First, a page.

The Gradients in the 47 Tuc Red Giant Branch Bump and Horizontal Branch are Consistent With a Centrally-Concentrated, Helium-Enriched Second Stellar Generation

The Astrophysical Journal (Impact Factor: 5.99). 02/2011; 736(2). DOI: 10.1088/0004-637X/736/2/94
Source: arXiv


We combine ground and space-based photometry of the Galactic globular cluster
47 Tuc to measure four independent lines of evidence for a helium gradient in
the cluster, whereby stars in the cluster outskirts would have a lower initial
helium abundance than stars in and near the cluster core. First and second, we
show that the red giant branch bump (RGBB) stars exhibit gradients in their
number counts and brightness. With increased separation from the cluster
center, they become more numerous relative to the other red giant (RG) stars.
They also become fainter. For our third and fourth lines of evidence, we show
that the horizontal branch (HB) of the cluster becomes both fainter and redder
for sightlines farther from the cluster center. These four results are
respectively detected at the 2.3$\sigma$, 3.6$\sigma$, 7.7$\sigma$ and
4.1$\sigma$ levels. Each of these independent lines of evidence is found to be
significant in the cluster-outskirts; closer in, the data are more compatible
with uniform mixing. Our radial profile is qualitatively consistent with but
quantitatively tighter than previous results based on CN absorption. These
observations are qualitatively consistent with a scenario wherein a second
generation of stars with modestly enhanced helium and CNO abundance formed deep
within the gravitational potential of a cluster of previous generation stars
having more canonical abundances.

Download full-text


Available from: Marc H. Pinsonneault, Feb 19, 2015
  • Source
    • "Bragaglia et al. (2010a) found that the luminosity of the RGB bump, which should increase with He abundance, is fainter in first generation than second generation in 14 globular clusters. Nataf et al. (2011) found that the RGB bump is brighter at the centre of 47 Tuc, where second generation stars should dominate . The colours of second generation RGB stars are bluer than those of first generation ones, in agreement with expectations for a higher He content (e.g., Bragaglia et al. 2010a; Sbordone et al. 2011). "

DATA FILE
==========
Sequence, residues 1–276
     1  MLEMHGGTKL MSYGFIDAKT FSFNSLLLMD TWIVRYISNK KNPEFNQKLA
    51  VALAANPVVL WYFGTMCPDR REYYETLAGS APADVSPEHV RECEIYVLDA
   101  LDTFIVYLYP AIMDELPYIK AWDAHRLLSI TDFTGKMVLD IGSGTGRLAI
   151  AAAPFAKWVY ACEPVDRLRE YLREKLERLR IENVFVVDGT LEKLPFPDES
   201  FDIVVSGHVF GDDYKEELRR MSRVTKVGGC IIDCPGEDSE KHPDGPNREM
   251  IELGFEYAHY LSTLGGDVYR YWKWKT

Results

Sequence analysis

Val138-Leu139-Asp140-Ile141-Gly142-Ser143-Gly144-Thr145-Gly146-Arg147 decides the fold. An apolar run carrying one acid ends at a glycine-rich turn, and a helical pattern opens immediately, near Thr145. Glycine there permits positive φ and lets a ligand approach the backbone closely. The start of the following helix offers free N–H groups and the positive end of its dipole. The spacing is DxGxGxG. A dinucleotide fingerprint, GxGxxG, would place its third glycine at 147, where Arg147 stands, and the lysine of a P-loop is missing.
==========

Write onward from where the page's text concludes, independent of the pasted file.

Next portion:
[Show abstract] [Hide abstract]
    ABSTRACT: Recent progress in studies of globular clusters has shown that they are not simple stellar populations, being rather made of multiple generations. Evidence stems both from photometry and spectroscopy. A new paradigm is then arising for the formation of massive star clusters, which includes several episodes of star formation. While this provides an explanation for several features of globular clusters, including the second parameter problem, it also opens new perspectives about the relation between globular clusters and the halo of our Galaxy, and by extension of all populations with a high specific frequency of globular clusters, such as, e.g., giant elliptical galaxies. We review progress in this area, focusing on the most recent studies. Several points remain to be properly understood, in particular those concerning the nature of the polluters producing the abundance pattern in the clusters and the typical timescale, the range of cluster masses where this phenomenon is active, and the relation between globular clusters and other satellites of our Galaxy.
    Astronomy and Astrophysics Review 01/2012; 20. DOI:10.1007/s00159-012-0050-3 · 17.74 Impact Factor
  • Source
    [Show abstract] [Hide abstract]